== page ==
SMRT’s investigation of the fatal accident on 22nd March has concluded that failure to follow key safety procedures led to the deaths of two SMRT employees. I think most of us have pretty much reached that conclusion ourselves, as soon as sufficient details of the accident had been made known, over a month ago. Thank you for stating the obvious.
According to SMRT (via Yahoo News): “Before a work team is allowed onto the track, protection measures must be applied. This includes code setting the speed limit on the affected track sector to 0 km/h so that no train can enter on automated mode, and deploying watchmen to look out for approaching trains and provide early warning to the work team.”
The independent panel appointed by SMRT to review the accident determined that this vital safety protection measure was not applied. While there were other factors, this is the one that is blamed for directly causing the accident.
The panel appointed by SMRT is supposedly independent, but I’m not so sure how independent they are. That panel apparently comprises members of the SMRT Board Risk Committee, the exact numbers unknown, and three independent experts. I wonder, isn’t the purpose of typical risk committees to look out for risk exposures and to minimise their impact to the organisation? I sense a conflict of purpose here. This independent panel would likely want SMRT to be blame-free in the outcome.
SMRT’s independent panel just reported the obvious and left it at that. Safety protocol was not followed. Is that all there is to it?
Were there other safety protocols and safety mechanisms in place? If so, why did they not work? If not, how is it that human lives could be allowed to hinge on that one safety protocol to be applied properly?
Either way, there is something manifestly wrong with SMRT. As SMRT reported, other factors that played a part in the accident included track access management controls, communication protocols, and track vigilance. I believe, any one of these safety measures could have prevent the incident. The logical reason why the accident could have occured was the complete breakdown at all levels of their safety measures.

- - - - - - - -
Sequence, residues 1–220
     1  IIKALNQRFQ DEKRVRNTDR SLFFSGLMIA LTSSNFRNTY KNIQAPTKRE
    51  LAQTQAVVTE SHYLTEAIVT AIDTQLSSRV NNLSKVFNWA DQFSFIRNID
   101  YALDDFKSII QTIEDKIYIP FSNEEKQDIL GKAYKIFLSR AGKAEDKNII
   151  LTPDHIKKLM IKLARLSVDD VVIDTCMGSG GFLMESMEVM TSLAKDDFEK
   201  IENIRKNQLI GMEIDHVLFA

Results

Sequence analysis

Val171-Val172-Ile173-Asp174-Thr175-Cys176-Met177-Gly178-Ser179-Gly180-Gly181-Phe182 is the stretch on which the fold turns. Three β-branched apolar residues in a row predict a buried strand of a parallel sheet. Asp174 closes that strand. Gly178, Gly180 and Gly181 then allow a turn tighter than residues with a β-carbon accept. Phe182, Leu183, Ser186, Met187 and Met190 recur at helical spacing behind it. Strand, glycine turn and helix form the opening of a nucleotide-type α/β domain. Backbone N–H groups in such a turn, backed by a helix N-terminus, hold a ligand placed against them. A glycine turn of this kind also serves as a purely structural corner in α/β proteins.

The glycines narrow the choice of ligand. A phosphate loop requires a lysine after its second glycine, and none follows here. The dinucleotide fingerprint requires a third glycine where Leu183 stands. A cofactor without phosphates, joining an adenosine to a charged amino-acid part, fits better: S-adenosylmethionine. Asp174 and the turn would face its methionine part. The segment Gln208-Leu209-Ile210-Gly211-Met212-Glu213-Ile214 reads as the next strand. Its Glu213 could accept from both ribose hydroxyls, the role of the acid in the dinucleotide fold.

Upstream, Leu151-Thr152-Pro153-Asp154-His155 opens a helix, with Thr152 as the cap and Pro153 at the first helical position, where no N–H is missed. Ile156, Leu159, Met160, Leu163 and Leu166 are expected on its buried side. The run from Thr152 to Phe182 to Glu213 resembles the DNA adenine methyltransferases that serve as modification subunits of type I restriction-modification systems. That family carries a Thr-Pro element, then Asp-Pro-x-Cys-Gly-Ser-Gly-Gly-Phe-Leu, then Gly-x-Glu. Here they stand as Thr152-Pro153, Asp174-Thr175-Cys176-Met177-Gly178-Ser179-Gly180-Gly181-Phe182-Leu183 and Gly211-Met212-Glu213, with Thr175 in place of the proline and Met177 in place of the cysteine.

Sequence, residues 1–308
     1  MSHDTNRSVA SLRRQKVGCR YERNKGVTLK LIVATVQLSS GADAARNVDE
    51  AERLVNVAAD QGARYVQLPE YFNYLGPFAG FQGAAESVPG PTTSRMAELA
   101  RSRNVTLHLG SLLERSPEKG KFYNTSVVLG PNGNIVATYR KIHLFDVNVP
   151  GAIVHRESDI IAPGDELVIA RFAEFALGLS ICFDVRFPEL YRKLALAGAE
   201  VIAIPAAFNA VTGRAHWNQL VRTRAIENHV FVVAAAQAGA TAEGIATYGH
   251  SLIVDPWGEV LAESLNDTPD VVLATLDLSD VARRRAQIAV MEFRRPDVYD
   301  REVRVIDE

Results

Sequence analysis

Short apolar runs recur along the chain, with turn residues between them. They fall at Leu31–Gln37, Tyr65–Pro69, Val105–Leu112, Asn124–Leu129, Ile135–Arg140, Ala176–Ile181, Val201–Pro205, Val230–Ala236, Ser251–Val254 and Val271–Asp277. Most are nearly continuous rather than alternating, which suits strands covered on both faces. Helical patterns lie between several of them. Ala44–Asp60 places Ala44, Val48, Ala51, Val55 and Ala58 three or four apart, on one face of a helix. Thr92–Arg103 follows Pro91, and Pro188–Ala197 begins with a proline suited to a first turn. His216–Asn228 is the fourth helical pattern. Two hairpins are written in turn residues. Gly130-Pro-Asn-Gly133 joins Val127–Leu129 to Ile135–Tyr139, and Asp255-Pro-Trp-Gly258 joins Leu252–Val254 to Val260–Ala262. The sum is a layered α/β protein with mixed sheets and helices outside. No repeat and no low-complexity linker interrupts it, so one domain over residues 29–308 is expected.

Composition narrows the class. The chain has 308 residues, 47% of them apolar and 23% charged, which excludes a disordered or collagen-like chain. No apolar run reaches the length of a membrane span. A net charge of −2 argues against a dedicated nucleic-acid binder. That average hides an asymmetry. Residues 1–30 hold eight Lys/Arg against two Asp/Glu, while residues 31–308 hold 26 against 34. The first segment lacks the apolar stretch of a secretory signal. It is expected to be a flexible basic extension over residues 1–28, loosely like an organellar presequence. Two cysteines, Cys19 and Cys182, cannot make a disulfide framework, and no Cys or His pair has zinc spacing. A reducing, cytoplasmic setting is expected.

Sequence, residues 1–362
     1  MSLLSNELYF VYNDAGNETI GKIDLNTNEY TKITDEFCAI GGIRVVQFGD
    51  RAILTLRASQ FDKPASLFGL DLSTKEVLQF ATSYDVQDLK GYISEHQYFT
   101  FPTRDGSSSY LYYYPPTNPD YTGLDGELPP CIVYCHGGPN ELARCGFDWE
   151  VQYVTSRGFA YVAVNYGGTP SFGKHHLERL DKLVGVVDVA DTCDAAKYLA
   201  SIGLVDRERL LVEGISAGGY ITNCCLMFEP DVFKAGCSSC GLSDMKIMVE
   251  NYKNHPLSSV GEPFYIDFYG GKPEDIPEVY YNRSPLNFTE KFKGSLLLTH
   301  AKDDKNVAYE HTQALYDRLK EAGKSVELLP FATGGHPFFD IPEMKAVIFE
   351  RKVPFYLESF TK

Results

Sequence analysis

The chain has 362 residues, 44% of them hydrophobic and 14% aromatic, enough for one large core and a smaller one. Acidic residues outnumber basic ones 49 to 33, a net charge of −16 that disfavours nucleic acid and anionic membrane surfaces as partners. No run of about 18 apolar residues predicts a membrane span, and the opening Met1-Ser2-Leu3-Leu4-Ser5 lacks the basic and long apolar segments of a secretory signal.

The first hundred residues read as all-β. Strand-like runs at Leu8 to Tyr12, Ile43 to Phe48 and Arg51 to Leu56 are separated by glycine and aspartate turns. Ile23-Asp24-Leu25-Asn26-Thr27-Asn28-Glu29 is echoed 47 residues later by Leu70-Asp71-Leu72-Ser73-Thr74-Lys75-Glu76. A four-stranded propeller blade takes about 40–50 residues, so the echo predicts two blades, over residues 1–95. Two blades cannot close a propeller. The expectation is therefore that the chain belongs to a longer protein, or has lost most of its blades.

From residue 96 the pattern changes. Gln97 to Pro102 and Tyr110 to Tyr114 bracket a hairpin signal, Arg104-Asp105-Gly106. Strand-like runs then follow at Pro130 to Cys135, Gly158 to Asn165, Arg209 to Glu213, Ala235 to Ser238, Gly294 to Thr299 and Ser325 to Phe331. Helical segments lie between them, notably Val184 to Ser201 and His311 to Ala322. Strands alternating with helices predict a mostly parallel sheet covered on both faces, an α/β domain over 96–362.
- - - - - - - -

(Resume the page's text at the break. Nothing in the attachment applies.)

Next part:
Clearly, there must be a systemic problem in SMRT. You can’t just lay blame on the people downstream.
SMRT says they’ve taken steps to ensure stricter enforcement of procedures. Why weren’t there strict enforcement before? They will also strengthen system ownership. Does that mean system ownership was vague, or perhaps not present at all?
More importantly, was management aware of these lapses and gaps? If so, why did they not do anything? If not, then what were they doing?
Don’t just blame the peons. With problems like this, the root cause is usually somewhere else. It sounds to me like safety isn’t even something they care very much about.
Our previous Transport Minister spoke about wanting to claw back commuter confidence in the public transport system. I don’t think he managed to claw back anything. That job falls on Mr Khaw Boon Wan now. Before clawing back commuter confidence, we need to claw at the root cause of this accident.
If two people died because of just one safety slip up, SMRT should just step aside and let someone else more capable take over and run the train system.